o      Reflectivity of glass. It is commonly thought that birds mistake their reflection as a threat that causes them to fly towards the reflection toward off the intruder, which results in injury because of the high speed they tend to fly towards the glass.
o      Building features. An elevated skyway with reflective or transparent glass that links two or more buildings can be problematic because the landscaping behind is easily visible below and above the structure. Green roofs and atriums can create concerns because birds flying into either feature can strike the building upon entering or leaving the space.
o      Lighting. Birds often fly most at night, and a lit building can confuse and disorient a bird, causing it to fly into the building. A building with interior lights on or up lighting from spotlights can have this effect.
Addressing the Issue
Many methods to address bird safety are expensive and result in building designs not typical for the area. One of the most effective designs is to significantly reduce the amount of building glass or employ patterns on glass to discourage attempts for through-passage to a maximum space measuring two inches tall by four inches wide. Elements such as etched or fritted glass are expensive and have a different appearance than regular glass. It would be expensive and difficult for a building typically found in Silicon Valley to have all glass from ground to 60 feet to include treated glass. Also, green building techniques include energy efficient elements, such as the use of glass to reduce energy costs (although there is a pilot LEED program that grants a point for projects that include bird-safe design elements).
There are several ways to design a building or include design elements to address bird collisions. In some cases, the options are very expensive or inconsistent with the community goals or those of the owner or tenant. In order to balance the interest of addressing the issue with reasonable goals, the following approaches are suggested:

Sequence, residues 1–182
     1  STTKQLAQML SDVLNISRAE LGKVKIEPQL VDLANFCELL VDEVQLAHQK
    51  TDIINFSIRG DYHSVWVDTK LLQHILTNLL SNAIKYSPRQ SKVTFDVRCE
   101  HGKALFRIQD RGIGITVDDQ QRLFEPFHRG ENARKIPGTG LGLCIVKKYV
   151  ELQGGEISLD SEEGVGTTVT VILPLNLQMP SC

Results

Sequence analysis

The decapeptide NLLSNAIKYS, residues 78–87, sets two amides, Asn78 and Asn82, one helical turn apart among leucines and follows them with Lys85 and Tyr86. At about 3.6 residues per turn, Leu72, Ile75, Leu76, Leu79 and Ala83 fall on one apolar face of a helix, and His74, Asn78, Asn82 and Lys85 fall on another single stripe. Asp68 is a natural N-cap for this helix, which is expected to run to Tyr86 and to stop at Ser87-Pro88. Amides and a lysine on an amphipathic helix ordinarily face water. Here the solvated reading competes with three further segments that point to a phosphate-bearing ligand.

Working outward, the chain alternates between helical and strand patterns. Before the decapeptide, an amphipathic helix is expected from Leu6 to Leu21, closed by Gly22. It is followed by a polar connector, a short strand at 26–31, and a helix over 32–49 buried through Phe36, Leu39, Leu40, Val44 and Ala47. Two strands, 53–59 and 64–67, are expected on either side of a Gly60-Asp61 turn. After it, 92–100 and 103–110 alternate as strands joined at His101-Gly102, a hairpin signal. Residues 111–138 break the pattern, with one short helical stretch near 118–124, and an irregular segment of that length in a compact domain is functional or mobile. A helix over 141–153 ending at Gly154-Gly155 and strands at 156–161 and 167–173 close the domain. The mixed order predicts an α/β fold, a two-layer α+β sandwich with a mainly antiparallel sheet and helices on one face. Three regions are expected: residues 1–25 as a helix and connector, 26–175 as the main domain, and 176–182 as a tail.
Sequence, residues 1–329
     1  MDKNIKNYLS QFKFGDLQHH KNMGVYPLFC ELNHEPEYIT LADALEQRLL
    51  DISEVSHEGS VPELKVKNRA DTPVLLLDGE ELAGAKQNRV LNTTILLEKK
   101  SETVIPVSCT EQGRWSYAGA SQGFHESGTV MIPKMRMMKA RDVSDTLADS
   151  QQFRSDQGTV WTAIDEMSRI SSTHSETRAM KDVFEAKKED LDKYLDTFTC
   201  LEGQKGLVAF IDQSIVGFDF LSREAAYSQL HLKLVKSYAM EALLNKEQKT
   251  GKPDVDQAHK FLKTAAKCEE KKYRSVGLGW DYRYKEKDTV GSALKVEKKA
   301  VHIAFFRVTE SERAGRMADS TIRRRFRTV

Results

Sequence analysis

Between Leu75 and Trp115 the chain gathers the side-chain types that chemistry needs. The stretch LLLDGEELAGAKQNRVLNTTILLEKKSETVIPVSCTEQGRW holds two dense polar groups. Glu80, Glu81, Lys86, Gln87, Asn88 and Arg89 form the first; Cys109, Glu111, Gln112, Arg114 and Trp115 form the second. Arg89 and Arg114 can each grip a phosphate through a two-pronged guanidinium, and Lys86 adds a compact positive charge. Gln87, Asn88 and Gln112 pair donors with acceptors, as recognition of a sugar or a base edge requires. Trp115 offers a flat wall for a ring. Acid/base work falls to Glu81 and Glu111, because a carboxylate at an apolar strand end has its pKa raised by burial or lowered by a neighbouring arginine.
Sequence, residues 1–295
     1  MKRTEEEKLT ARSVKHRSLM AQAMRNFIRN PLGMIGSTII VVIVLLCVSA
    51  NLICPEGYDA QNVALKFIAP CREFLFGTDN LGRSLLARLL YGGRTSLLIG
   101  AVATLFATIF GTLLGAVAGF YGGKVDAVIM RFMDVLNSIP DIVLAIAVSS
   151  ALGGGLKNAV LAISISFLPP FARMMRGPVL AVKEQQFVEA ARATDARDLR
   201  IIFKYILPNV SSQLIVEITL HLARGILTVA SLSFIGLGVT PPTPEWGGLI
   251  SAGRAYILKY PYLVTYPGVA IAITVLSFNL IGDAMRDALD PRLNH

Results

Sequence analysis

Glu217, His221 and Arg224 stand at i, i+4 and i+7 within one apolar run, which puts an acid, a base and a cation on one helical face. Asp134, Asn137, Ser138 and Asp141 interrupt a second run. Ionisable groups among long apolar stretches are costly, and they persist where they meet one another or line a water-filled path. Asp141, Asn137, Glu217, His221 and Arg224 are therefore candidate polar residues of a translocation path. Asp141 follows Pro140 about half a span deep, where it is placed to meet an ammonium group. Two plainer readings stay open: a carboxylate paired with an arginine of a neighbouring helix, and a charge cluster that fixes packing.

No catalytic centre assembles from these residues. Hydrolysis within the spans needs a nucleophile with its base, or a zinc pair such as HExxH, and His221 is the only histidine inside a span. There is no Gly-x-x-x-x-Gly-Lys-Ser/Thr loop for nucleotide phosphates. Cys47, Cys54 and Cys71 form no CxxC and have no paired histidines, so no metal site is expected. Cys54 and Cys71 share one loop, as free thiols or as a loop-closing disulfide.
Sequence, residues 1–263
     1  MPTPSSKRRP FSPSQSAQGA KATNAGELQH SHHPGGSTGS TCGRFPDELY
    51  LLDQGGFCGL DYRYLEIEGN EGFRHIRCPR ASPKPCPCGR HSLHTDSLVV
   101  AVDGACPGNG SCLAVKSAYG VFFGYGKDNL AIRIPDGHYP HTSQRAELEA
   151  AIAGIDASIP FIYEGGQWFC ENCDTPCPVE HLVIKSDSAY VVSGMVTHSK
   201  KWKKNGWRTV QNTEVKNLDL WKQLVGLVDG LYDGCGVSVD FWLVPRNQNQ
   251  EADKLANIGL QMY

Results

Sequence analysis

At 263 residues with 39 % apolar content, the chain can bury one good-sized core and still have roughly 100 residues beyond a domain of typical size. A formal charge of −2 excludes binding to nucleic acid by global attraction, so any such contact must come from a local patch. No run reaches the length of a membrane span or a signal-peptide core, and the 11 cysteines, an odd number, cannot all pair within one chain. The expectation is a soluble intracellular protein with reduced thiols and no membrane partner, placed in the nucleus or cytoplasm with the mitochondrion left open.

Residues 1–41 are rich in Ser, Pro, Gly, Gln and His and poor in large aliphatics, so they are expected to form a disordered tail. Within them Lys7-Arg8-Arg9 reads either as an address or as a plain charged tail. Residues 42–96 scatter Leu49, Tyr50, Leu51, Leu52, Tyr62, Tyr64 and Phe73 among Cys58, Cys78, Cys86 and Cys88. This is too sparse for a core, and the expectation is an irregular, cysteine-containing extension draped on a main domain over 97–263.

1.      Areas near open space or water. Provide the strictest regulations in areas most likely to be populated by birds, such as close to large expanses of water or open space. The City of Oakland uses a one-acre threshold for water and open spaces. Buildings adjacent to those areas must meet specific design criteria.
2.      Landscaping and building features. Ensure all projects meet specific site design criteria that would reduce the likelihood of a bird strike. Items to be considered include landscape design, the use of transparent glass, green roofs, atriums and skyways.
3.      Lights out at night. Require operational standards that reduce bird strikes, such as lights out at night, or recommend or require the use of blinds to reduce the light from buildings. Also, prohibit up lighting or spotlights. Night lighting near buildings can disorient birds, especially during bird migration (typically February-May and August through November).
4.      Monitoring. Provide building owners with numbers to call when dead birds are found on their property, and require new projects to post small signs with the number to call. This would help better define the problem and possible solutions.
Regulatory options
The most difficult aspects of this issue are the absence of scientific data stating the problem, the lack of certainty about which measures would work to reduce the impact and the difficulty in determining the success of any program developed.